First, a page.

A new report published today by WWF demonstrates the massive potential of barrier removal to restore free-flowing rivers in Europe. The report analyses a sample of 30,000 barriers, such as dams and weirs, on large and medium-sized rivers in Europe and assesses their reconnection potential, providing a breakdown for Europe, the EU27, and by country.

https://www.wwf.eu/?2898441/New-WWF-analysis-shows-huge-potential-for-river-restoration-through-barrier-removal-in-Europe

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6. WMO: State of the Global Climate 2020

“It has been 28 years since the World Meteorological Organization issued the first state of the climate report in 1993, due to the concerns raised at that time about projected climate change. While understanding of the climate system and computing power have increased since then, the basic message remains the same and we now have 28 more years of data that show significant temperature increases over land and sea as well as other changes like sea level rise, melting of sea ice and glaciers and changes in precipitation patterns.  This underscores the robustness of climate science based on the physical laws governing the behaviour of the climate system,” said WMO Secretary-General Prof. Petteri Taalas.

Climate change indicators and impacts worsened in 2020 | World Meteorological Organization (wmo.int)

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7. An informed thought experiment exploring the potential for a paradigm shift in aquatic food production

Neolithic and Blue Revolutions comparison to explore two narratives: an aquaculture transition or coexistence with fisheries.
Environmental and cultural similarities provide support for a more ubiquitous transition from fishing to aquaculture.
Human advancements impact the trajectory, rate of change and/or potential replacement of fisheries by aquaculture in society.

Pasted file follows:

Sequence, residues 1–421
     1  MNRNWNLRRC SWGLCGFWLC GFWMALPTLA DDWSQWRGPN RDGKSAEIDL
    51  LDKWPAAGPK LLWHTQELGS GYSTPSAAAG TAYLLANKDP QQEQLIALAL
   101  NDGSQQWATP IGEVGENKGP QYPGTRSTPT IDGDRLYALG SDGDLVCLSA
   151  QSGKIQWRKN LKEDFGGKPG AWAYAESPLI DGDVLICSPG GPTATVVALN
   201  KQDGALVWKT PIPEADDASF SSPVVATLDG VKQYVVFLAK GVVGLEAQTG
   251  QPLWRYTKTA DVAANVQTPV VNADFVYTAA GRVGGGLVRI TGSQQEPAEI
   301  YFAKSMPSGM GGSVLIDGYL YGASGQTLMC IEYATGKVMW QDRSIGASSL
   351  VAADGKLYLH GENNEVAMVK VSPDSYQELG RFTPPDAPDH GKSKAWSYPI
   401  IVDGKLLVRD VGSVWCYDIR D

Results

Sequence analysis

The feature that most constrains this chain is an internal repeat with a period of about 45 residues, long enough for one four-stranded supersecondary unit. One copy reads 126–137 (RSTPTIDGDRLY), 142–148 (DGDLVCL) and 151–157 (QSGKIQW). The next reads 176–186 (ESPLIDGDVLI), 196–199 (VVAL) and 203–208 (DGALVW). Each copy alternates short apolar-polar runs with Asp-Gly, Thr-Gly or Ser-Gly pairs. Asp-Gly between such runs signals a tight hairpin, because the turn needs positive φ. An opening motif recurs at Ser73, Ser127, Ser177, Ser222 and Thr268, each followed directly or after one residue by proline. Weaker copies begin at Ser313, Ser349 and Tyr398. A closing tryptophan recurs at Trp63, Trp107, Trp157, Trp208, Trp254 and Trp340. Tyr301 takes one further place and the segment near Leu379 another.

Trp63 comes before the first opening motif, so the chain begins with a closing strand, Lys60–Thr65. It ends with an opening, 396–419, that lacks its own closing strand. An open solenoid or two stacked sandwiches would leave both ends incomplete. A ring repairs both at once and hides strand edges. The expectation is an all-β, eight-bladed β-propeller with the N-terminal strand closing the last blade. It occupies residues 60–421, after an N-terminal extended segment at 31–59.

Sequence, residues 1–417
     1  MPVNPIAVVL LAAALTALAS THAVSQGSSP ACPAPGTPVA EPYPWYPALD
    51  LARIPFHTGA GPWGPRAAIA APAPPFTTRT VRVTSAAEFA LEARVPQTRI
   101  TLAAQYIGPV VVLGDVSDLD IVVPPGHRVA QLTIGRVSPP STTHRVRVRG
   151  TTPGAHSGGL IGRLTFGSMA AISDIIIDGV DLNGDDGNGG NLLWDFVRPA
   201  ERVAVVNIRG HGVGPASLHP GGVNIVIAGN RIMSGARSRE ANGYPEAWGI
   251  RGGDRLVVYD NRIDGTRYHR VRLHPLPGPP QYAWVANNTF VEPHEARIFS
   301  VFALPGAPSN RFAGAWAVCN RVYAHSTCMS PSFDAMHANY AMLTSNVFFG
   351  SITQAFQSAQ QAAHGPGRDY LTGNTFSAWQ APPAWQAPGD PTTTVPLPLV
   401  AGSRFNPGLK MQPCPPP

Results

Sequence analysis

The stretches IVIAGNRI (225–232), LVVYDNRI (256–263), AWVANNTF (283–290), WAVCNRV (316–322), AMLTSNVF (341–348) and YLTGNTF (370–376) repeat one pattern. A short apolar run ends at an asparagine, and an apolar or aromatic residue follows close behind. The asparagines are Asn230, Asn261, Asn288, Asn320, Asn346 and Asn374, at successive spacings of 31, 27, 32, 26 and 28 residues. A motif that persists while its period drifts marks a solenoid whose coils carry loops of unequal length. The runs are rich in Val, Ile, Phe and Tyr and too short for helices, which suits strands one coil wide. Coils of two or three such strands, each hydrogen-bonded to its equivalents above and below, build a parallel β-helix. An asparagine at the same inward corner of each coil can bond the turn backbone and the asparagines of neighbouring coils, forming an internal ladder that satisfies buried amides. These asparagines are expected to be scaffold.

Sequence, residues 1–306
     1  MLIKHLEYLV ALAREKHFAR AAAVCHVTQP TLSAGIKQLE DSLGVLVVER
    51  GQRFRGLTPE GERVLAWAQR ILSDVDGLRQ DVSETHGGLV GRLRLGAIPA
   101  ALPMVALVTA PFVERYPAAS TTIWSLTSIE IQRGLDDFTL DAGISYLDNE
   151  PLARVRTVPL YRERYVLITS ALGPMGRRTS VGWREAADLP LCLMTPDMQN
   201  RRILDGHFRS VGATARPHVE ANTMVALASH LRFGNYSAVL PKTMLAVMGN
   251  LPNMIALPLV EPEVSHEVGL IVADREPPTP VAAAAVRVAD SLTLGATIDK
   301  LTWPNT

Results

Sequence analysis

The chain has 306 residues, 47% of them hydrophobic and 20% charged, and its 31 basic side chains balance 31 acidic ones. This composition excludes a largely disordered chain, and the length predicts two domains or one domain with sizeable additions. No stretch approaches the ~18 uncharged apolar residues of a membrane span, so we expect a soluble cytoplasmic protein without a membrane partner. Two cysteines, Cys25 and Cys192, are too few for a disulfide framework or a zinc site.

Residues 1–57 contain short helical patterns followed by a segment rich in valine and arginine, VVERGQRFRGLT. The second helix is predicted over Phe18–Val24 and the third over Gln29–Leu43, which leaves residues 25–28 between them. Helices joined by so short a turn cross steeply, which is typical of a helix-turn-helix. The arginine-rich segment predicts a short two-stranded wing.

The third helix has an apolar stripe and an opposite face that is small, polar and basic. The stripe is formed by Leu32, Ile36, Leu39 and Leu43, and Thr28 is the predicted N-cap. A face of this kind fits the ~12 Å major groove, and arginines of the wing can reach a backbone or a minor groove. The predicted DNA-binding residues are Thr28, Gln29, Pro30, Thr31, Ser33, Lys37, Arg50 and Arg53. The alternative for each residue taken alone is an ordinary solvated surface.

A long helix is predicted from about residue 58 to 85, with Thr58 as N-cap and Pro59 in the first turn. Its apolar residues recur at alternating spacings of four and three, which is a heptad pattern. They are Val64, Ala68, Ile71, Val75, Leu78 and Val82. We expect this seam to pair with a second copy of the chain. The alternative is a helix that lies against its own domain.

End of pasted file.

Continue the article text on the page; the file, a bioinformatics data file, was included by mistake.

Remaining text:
Society can now choose the balance between fisheries and aquaculture through proactive governance mechanisms.

An informed thought experiment exploring the potential for a paradigm shift in aquatic food production – ScienceDirect

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About Dbytes

Dbytes is a weekly eNewsletter presenting news and views on biodiversity conservation and environmental decision science. ‘D’ stands for ‘Decision’ and refers to all the ingredients that go into good, fair and just decision-making in relation to the environment.

From 2007-2018 Dbytes was supported by a variety of research networks and primarily the Centre of Excellence for Environmental Decisions (CEED). From 2019 Dbytes is being produced by David Salt (Ywords).

If you have any contributions to Dbytes (ie, opportunities and resources that you think might think be of value to other Dbyte readers) please send them to David.Salt@anu.edu.au. Please keep them short and provide a link for more info.

Anyone is welcome to receive Dbytes. If you would like to receive it, send me an email and I’ll add you to the list.

David

Dbytes #471 (14 April 2021)

Info, news & views for anyone interested in biodiversity conservation and good environmental decision making

“Our baseline model indicates that anthropogenic climate change has reduced global agricultural total factor productivity by about 21% since 1961, a slowdown that is equivalent to losing the last 7 years of productivity growth.”
Ortiz-Bobea et al, Nature Climate Change 2021


In this issue of Dbytes

1. The report: Risks to Australia of a 3°C warmer world
2. If 80% of Australians care about climate action, why don’t they vote like it?
3. Dead in the water
4. Applications open for Carbon + Biodiversity Pilot
5. Five great new green innovations – from pop-up rodent tents to tyre dust traps
6. Feral horse plan advocates shooting brumbies to save Victoria’s ‘vulnerable’ alpine region
7. Potential ecological impacts of climate intervention by reflecting sunlight to cool Earth

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1. The report: Risks to Australia of a 3°C warmer world

This report synthesises the observed impacts of climate change on Australia and the risk to our future of the current global trajectory of greenhouse gas emissions. It focuses on the consequences of 3°C of global warming in the absence of greater mitigation strategies for four areas of importance to Australia’s future: our ecosystems, food production, cities and towns, and health and wellbeing. The impacts of those changes on the lives and wellbeing of Australians are discussed in detail.